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What Are the Different Types of Anxiolytic Drugs?

Tricia Christensen
By
Updated Mar 03, 2024
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Anxiolytic drugs belong to several classes, including benzodiazepines and antidepressants. Other drug types that may have anxiety-relieving properties are beta-blockers and antihistamines. The patient’s condition and response to medications may determine which drug classes physicians are likely to consider. None of these medications can cure anxiety disorders.

Benzodiazepines are fast acting and can relieve nervousness or panic within a few hours of use. Examples of these drugs are diazepam, alprazolam, lorazepam and clonazepam. These medications all act on GABA receptors and influence the way the brain processes anxiety. They promote calm, but have side effects such as sedation. Regular use tends to build tolerance and dependence, and these medications are notoriously abused.

Certain antidepressants are considered useful anxiolytic drugs. Many of the selective serotonin reuptake inhibitors (SSRIs) and the serotonin norepinephrine reuptake inhibitors (SNRIs) are regularly prescribed to treat anxiety disorders. A few other antidepressants can help treat anxiety, like the atypical buspirone. Some tricyclic antidepressants and monoamine oxidase inhibitors (MAOIs) are suggested for anxiety treatment, too.

Using antidepressants to treat long-term anxiety has an inherent logic. Depression and anxiety are often thought to result from similar chemical processes, and are considered very related in function. The disadvantage of most antidepressants is that they aren’t fast acting and must be used daily. Also, these drugs can take up to six weeks to become fully effective, and not all patients respond favorably to them.

Other anxiolytic drugs come from the beta-blocker class. Atenolol and propanolol are common choices. They especially address the physical symptoms of anxiety like sweaty palms, shaking, and rapid breathing. Neither drug appears to have much effect on the emotional turmoil that arises with panic.

An additional group of drugs used for anxiety that tend to result in sedation are antihistamines. Even an over-the-counter drug like diphenhydramine might be considered for its anxiety-fighting properties. Like benzodiazepines, these drugs work swiftly. On the other hand, both classes of medications may become less effective with regular use.

A patient’s condition partly determines the best anxiolytic drugs and classes. Both benzodiazepines and antidepressants are regularly used in the treatment of generalized anxiety disorder, panic disorder, post-traumatic stress syndrome, and obsessive-compulsive disorder. Bipolar disorders tend to be associated with higher levels of anxiety, but antidepressants may cause mania in people with this condition. Benzodiazepines might pose a solution, and antipsychotic drugs like quetiapine could also be considered for treating anxiety in bipolar patients.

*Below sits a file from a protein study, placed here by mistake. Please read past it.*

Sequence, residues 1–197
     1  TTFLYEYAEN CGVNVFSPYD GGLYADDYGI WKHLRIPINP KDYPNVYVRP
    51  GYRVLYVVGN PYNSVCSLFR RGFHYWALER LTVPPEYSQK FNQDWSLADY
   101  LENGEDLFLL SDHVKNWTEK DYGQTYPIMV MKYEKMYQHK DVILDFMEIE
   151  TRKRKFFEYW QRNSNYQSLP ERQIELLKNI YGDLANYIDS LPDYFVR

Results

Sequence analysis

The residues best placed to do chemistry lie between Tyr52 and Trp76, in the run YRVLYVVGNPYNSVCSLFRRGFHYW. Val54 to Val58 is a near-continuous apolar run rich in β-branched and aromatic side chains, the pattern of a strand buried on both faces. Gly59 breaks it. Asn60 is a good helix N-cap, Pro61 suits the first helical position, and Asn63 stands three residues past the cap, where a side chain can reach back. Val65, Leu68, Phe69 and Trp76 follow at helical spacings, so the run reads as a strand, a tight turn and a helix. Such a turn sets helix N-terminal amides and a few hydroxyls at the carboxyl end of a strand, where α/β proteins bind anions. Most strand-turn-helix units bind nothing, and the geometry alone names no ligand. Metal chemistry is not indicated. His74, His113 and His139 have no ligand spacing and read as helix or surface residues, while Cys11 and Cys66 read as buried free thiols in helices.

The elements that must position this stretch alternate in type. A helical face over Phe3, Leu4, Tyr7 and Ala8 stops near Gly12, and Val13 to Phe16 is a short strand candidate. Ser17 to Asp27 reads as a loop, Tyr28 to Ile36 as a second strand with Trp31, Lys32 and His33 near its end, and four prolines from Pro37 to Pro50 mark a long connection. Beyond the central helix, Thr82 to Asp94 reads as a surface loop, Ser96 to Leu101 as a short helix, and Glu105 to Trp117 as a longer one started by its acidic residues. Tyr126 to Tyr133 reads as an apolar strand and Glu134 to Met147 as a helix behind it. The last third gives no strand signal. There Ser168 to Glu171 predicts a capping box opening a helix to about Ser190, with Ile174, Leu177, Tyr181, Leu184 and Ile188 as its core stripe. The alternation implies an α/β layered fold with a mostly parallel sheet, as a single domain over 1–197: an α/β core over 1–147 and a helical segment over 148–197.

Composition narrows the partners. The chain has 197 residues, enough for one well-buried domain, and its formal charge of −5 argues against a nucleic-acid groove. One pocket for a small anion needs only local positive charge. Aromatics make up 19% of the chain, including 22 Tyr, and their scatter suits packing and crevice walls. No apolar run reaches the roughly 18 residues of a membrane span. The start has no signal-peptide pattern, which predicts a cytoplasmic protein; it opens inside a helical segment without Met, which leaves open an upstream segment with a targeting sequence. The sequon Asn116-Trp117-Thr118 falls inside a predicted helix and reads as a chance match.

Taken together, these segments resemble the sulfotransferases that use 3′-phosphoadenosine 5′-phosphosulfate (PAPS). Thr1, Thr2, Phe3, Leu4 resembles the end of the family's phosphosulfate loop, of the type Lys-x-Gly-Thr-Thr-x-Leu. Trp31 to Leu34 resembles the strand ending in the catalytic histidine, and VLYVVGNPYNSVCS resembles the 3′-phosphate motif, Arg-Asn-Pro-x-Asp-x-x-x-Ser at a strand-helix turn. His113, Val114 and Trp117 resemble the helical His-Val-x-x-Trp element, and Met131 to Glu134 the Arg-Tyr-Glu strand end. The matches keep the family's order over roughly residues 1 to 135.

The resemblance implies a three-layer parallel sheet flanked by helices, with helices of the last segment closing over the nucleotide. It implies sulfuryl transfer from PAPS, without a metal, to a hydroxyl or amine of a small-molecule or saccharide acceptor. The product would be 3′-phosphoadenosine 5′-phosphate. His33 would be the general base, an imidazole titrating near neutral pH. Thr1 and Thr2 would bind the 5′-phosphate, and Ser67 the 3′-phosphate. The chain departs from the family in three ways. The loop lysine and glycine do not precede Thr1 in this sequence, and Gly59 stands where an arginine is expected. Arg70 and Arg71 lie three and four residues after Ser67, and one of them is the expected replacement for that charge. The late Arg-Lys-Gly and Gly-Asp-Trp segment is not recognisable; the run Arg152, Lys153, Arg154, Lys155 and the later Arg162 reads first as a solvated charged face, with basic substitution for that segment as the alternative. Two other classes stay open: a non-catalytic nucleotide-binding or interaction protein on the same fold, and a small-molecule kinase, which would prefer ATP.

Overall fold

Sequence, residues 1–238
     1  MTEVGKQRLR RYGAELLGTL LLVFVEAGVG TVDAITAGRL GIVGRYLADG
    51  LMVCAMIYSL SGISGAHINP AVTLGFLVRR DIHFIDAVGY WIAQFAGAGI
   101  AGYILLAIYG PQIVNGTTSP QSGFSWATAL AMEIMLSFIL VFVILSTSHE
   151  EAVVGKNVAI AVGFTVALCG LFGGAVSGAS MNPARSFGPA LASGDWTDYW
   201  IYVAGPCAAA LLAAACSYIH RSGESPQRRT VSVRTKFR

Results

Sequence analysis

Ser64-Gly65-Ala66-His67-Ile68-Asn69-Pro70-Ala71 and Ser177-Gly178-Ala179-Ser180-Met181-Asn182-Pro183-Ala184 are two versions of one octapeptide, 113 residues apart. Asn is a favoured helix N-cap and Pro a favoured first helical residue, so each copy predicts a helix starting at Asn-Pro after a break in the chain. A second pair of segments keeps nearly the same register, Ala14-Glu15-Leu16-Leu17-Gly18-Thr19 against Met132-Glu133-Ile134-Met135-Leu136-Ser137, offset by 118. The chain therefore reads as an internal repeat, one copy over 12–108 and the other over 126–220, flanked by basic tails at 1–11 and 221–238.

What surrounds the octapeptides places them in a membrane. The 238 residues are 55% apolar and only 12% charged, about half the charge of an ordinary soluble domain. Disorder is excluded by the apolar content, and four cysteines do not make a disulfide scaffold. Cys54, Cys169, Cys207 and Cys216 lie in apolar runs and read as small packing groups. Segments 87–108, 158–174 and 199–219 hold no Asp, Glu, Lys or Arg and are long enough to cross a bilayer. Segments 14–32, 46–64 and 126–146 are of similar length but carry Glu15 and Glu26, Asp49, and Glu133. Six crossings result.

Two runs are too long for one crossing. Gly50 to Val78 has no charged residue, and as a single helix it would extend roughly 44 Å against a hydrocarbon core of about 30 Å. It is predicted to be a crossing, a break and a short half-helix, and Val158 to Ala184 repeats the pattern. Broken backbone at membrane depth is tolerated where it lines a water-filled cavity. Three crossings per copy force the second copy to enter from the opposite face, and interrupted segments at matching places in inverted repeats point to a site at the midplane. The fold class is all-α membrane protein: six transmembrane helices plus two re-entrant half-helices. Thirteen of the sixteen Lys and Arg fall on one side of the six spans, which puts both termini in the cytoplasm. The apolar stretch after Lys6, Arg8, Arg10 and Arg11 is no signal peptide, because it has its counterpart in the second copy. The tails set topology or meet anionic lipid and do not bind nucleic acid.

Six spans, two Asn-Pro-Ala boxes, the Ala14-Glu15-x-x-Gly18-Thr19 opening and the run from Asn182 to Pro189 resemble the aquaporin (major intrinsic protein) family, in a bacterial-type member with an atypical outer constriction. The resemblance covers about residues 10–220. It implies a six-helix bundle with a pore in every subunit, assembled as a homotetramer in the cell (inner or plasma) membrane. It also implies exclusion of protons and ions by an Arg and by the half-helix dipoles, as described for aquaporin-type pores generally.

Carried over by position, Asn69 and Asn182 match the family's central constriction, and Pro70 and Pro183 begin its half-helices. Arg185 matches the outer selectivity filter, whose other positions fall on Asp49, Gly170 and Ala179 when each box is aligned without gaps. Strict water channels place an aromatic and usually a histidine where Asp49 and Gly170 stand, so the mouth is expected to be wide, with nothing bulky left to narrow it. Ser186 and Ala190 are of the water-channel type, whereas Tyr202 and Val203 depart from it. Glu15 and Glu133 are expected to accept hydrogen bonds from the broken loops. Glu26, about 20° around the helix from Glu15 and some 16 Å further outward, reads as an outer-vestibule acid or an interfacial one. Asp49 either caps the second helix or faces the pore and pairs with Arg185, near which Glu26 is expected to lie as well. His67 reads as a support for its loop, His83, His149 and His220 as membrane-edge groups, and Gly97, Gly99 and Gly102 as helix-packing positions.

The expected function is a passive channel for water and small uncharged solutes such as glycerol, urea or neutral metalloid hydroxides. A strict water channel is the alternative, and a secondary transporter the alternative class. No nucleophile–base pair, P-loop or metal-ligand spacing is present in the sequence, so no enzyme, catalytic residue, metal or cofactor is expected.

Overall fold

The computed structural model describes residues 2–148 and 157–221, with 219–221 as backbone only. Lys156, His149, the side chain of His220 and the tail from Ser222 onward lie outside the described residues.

People with social anxiety might be treated with either antidepressants or beta-blockers. When patients are particularly concerned that their nervous feelings may “show,” beta-blockers could be the best choice. Antihistamines are usually a last resort for treating anxiety disorders, but patients who are not responding to other medications might try them.

Reducing anxiety with anxiolytic drugs promotes patient comfort. Medication is only a part of treatment for anxiety; psychotherapy should also be included as it is potentially curative. Use of anxiolytic drugs should be thought of as a helpful add-on to therapy, instead of as a long-term solution to the problem.

The Health Board is dedicated to providing accurate and trustworthy information. We carefully select reputable sources and employ a rigorous fact-checking process to maintain the highest standards. To learn more about our commitment to accuracy, read our editorial process.
Tricia Christensen
By Tricia Christensen
With a Literature degree from Sonoma State University and years of experience as a The Health Board contributor, Tricia Christensen is based in Northern California and brings a wealth of knowledge and passion to her writing. Her wide-ranging interests include reading, writing, medicine, art, film, history, politics, ethics, and religion, all of which she incorporates into her informative articles. Tricia is currently working on her first novel.
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Tricia Christensen
Tricia Christensen
With a Literature degree from Sonoma State University and years of experience as a The Health Board contributor, Tricia...
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